Posts Tagged ‘Tax Freedom Day’

It’s time to celebrate.

That’s because we have reached Tax Freedom Day, meaning that – in the aggregate – we have finally earned enough money to pay for all the federal, state, and local taxes that will be imposed on us this year by our political masters.

But we’re not collectivists, so aggregate measures don’t really matter. Our individual tax burdens can vary considerably depending on the level and composition of our income, as well as the state in which we live.

Speaking of that, the good folks of North Dakota are the only ones actually celebrating Tax Freedom Day on this exact date. If you look at the map, Tax Freedom Day is as early as late March for residents of Louisiana and Mississippi, and as late as May for the unfortunate residents of New York, Connecticut, and New Jersey.

Tax Freedom Day Map

You’ll notice, by the way, that Tax Freedom Day is correlated with average state income. That’s one of the reasons why low-income states tend to get better scores. Simply stated, it’s hard to collect a lot of revenue from people who don’t have much money.

And a state that historically has been wealthy, like Connecticut, will probably collect a lot of revenue even if it has a good tax system (though, for the record, Connecticut has veered dramatically in the wrong direction in the past couple of decades).

So if you want to measure whether a state has a good or bad tax system, I recommend the “fiscal” and “tax burden” categories in the “Freedom Index” from the Mercatus Center. Using that measure, South Dakota gets the best score (compared to the 6th-best score using Tax Freedom Day).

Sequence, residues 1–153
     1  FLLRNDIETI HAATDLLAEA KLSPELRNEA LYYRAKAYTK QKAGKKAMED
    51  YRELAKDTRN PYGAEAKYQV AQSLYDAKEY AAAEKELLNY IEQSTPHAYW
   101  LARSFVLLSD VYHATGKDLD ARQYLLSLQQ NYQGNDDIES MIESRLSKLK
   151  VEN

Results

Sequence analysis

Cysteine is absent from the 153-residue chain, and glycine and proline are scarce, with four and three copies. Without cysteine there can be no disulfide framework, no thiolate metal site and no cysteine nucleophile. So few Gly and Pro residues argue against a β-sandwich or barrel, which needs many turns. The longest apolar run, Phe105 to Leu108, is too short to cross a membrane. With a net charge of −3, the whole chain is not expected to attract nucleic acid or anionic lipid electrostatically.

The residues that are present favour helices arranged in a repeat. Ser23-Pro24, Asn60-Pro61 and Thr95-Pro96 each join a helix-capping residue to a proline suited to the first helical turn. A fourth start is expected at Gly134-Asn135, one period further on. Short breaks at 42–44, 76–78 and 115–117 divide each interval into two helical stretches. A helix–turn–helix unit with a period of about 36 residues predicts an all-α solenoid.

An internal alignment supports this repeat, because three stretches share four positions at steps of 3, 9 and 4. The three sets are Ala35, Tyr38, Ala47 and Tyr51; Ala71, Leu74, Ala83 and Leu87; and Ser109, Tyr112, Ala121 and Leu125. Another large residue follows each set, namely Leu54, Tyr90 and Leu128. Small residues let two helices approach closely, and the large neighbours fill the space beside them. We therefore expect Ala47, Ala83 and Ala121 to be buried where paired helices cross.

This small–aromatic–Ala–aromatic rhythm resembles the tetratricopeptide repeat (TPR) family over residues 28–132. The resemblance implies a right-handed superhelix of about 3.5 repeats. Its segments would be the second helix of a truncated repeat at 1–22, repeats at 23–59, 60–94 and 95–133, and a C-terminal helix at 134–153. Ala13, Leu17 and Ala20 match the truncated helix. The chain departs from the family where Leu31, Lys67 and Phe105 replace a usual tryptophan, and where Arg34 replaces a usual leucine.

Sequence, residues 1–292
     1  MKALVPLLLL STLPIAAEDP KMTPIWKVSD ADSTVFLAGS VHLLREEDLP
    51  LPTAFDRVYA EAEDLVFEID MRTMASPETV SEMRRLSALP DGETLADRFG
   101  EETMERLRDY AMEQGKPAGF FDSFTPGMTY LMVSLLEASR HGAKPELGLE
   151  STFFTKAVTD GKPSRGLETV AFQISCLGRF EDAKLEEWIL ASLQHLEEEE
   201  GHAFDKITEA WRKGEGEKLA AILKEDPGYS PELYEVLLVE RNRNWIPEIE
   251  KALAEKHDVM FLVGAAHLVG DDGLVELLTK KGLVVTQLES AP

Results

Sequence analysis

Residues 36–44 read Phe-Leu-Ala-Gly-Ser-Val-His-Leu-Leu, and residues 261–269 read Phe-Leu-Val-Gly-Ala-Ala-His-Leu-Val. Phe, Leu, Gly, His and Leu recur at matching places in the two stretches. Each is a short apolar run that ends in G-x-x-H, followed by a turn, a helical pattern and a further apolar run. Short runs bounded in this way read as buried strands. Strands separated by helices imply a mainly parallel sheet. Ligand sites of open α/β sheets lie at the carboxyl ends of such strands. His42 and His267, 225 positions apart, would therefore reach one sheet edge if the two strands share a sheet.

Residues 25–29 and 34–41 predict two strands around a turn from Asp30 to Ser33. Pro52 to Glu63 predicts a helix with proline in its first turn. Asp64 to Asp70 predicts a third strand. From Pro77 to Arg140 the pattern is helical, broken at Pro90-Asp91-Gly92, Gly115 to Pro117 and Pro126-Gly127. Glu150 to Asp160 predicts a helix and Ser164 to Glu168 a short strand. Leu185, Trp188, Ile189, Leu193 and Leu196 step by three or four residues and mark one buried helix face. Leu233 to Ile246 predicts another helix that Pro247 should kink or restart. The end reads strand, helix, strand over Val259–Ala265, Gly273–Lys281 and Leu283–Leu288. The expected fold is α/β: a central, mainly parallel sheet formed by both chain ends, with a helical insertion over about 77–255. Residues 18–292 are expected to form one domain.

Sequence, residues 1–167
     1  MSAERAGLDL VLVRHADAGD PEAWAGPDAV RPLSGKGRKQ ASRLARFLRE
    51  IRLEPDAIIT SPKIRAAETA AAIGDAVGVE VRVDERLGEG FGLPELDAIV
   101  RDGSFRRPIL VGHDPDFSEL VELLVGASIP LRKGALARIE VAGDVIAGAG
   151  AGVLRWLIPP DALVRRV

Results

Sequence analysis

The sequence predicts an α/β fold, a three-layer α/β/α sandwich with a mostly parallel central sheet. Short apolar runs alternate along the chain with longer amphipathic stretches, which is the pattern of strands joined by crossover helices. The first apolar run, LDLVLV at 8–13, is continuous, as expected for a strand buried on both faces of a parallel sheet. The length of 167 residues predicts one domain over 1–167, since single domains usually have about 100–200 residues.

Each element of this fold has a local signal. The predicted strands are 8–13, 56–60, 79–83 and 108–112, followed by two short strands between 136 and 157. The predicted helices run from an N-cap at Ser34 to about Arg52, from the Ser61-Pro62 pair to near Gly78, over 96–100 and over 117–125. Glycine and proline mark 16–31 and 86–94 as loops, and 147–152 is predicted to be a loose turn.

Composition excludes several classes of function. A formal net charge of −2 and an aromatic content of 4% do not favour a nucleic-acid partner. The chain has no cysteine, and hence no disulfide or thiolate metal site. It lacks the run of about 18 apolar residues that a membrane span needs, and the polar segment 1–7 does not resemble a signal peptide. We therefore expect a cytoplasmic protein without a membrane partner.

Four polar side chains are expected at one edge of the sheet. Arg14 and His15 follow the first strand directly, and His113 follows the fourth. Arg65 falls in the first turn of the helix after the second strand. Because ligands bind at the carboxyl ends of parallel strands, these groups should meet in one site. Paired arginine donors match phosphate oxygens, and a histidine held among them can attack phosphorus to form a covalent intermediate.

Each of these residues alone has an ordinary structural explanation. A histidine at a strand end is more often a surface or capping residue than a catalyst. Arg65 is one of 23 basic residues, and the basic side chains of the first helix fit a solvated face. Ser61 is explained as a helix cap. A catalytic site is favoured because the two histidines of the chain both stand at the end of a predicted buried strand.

P.S. If you like maps, here are some interesting ones, starting with some international comparisons.

Here are some good state maps with useful information.

There’s even a local map.

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If you are an average American, today is a great day. According to the Tax Foundation, you have finally worked long enough and earned enough money to satisfy the annual tax demands of federal, state, and local governments.

This means you now get to keep any additional income you earn.

That’s the good news. The bad news is that Tax Freedom Day only measures the direct and immediate impact of taxation. It doesn’t measure the overall burden of government. This chart from the Tax Foundation shows that the fiscal burden of government has jumped enormously since the end of the Clinton years.

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The Taxpayers Alliance has a brief but compelling video, entitled “How long do you work for the tax man?,” which shows how an ordinary worker in the United Kingdom spends more than one-half his day laboring for government. “What will they tax next?” is still the best policy video to come out of the U.K., in my humble opinion, but this one is very much worth watching – especially since America is becoming more like Europe with each passing day.

What makes the video particularly depressing is that it only considers the tax burden. Regulations and government spending also are a burden on average workers, largely because of foregone economic growth.

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